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Coronavirus changes short-term vacation rental guidelines for each county

Duval, Nassau, and St. Johns Counties have individual policies approved for short-term vacation rentals, but they aren't all the same.

As the summer season starts to heat up, there’s good news for vacationers and rental property owners. Duval, Nassau and St. Johns County’s short-term rental policies were approved by the state. 

However, because of COVID-19, rental regulations vary depending on what county you’re staying in.

Michael Ryan, a spokesperson for St. Johns County says holiday-goers should prepare in advance for vacationing to look a little different this year. 

“You’re going to see fewer items in the hotel rooms and the bed and breakfasts that require people to touch,” Ryan told First Coast News.

Though summer vacation is all about fun, Ryan says people are going to need to pack more than just their swimsuit and sunscreen this year.

“We’re asking everybody to bring their patience and understanding. At least this summer, it’s not going to look like it’s looked in the past,” he said.

Here is a breakdown of Duval, Nassau and St. Johns County policies and what vacationers can anticipate this summer:

DUVAL COUNTY

Now that the City of Jacksonville's plans for short-term rental guidelines have been approved by the state, vacation rentals can resume effective immediately.

Below are Duval County guidelines broken down into categories:

Social Distancing

  • 10-person occupancy cap for vacation rental units
  • Encourage visitors and staff to adhere to social distancing to maintain a safe distance of 6 feet from other individuals
  • Stagger arrival times to prevent congregating

All Staff Members: 

  • Should follow appropriate CDC guidelines for sanitation and protection
  • Be required to train on and adhere to the minimum standards established by this plan
  • Should not report to work if experiencing symptoms
  • Shall receive a wellness check upon arrival to work. The wellness check, at a minimum, will consist of a temperature check. Staff members who have a temperature of 100.4 degrees or higher will not be permitted to work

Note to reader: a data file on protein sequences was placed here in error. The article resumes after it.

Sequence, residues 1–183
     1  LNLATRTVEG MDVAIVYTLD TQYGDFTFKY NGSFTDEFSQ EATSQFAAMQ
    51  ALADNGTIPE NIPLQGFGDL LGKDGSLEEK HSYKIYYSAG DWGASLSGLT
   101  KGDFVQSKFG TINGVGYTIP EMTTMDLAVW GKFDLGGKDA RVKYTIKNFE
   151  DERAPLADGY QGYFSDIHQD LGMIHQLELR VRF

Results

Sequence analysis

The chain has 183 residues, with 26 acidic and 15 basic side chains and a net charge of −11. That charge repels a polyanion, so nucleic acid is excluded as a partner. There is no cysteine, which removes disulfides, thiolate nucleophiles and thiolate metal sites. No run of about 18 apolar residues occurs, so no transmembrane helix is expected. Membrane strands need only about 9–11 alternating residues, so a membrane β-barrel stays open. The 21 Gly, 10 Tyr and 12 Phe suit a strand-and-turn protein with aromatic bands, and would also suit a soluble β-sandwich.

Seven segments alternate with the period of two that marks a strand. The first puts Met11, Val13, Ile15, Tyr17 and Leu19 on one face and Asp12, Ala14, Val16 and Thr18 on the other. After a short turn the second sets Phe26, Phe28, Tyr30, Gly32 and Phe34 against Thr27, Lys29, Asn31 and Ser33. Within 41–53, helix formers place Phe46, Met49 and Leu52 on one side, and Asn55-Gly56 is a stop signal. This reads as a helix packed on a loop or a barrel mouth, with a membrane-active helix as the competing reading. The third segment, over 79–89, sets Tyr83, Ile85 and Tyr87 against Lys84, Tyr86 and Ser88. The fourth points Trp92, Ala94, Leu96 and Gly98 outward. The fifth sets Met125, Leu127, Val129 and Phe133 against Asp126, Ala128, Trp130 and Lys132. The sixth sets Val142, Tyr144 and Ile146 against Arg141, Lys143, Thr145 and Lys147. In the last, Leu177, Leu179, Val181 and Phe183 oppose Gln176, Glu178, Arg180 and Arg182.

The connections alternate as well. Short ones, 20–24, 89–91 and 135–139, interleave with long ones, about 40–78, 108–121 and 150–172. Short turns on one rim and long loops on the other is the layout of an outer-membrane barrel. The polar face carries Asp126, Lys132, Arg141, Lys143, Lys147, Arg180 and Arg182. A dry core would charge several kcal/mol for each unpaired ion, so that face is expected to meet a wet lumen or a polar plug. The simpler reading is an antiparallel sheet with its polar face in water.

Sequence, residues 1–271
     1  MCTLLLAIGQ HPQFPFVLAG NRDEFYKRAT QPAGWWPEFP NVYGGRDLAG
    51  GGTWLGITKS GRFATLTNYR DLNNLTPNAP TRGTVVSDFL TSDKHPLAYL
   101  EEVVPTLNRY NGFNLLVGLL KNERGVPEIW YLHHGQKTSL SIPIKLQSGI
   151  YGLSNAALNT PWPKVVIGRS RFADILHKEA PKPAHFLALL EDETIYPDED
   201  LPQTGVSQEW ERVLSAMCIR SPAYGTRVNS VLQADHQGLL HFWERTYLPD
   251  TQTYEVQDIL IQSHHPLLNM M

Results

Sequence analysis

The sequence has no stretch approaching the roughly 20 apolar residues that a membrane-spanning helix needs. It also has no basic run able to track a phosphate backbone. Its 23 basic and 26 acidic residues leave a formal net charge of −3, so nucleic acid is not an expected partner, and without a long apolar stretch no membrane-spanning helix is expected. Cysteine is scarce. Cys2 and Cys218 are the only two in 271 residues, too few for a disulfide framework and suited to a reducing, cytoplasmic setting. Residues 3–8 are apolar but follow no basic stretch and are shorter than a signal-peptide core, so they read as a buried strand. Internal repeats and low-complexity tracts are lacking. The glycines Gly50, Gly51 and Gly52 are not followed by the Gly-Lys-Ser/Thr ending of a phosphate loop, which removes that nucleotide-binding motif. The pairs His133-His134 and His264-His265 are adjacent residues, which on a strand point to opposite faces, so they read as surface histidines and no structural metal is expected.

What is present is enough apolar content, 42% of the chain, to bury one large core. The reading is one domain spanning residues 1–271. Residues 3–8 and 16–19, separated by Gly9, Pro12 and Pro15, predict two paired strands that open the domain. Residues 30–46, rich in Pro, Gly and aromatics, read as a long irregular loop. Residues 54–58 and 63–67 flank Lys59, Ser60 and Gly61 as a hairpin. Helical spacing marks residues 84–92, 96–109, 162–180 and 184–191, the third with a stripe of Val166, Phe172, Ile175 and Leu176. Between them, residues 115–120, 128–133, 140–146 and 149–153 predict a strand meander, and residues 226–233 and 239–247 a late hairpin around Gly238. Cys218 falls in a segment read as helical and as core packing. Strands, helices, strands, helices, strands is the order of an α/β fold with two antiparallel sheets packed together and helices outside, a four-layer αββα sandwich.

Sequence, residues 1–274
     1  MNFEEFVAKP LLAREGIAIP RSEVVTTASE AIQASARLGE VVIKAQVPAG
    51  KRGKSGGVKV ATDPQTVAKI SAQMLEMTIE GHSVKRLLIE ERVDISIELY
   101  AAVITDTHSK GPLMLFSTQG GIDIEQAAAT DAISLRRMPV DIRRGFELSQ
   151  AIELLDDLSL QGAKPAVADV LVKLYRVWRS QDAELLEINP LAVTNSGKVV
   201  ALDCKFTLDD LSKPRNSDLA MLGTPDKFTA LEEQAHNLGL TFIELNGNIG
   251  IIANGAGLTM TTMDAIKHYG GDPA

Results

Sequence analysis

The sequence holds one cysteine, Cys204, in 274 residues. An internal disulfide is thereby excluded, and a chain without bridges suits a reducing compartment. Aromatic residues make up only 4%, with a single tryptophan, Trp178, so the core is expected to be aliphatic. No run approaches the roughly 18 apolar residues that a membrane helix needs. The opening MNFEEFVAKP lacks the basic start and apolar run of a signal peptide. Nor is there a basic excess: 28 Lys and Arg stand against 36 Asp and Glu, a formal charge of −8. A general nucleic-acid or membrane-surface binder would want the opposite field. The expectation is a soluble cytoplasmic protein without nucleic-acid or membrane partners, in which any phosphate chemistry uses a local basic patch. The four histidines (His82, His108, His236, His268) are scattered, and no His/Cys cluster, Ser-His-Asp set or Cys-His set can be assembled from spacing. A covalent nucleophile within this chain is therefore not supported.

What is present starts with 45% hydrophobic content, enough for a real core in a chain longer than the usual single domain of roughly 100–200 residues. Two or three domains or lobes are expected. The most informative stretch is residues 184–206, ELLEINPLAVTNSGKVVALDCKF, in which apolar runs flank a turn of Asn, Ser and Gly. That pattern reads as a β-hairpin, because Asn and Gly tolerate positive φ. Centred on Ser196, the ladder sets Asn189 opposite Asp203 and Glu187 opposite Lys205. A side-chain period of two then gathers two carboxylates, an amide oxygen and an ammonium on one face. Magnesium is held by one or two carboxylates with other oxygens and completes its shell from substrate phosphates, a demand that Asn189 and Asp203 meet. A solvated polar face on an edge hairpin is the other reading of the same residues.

Cleaning & Sanitation

Guest Communications & Interactions -- Owners must:

  • Provide guests with pre-arrival communications to include copies of pertinent executive orders (State and County) and safety plans
  • Provide guests upon check-in additional copies of pertinent executive orders (State and County) and safety plans
  • Display materials on-site within the vacation rental unit outlining those in-effect orders and safety measures
  • Limit guests traveling from cities with populations greater than one million located in an area with substantial community spread as designated in Governor Ron DeSantis’ Executive Order 2020-82 and Executive Order 2020-86
  • If possible, provide contactless check-in and check-out processes.
  • Limit staff interactions with guests during stay unless necessary such as maintenance emergency calls. All staff must follow proper preventative measures if interacting with guests during stay.

The full proposal can be found below:

NASSAU COUNTY

Nassau County has similar guidelines to Duval County and St. Johns County. One major difference is the county specifically states visitors from New York, New Jersey, Connecticut or Louisiana to quarantine themselves for 14 days.

The full plan can be read below:

ST. JOHNS COUNTY

Similar to Nassau County, St. Johns County will require reservations to be longer than 14 days if guests are coming from high virus transmission areas. The county's plan has the most extensive regulations and guidelines regarding sanitation of hotels and bed and breakfasts. 

The St. Johns County short-term rental plan can be found in full below: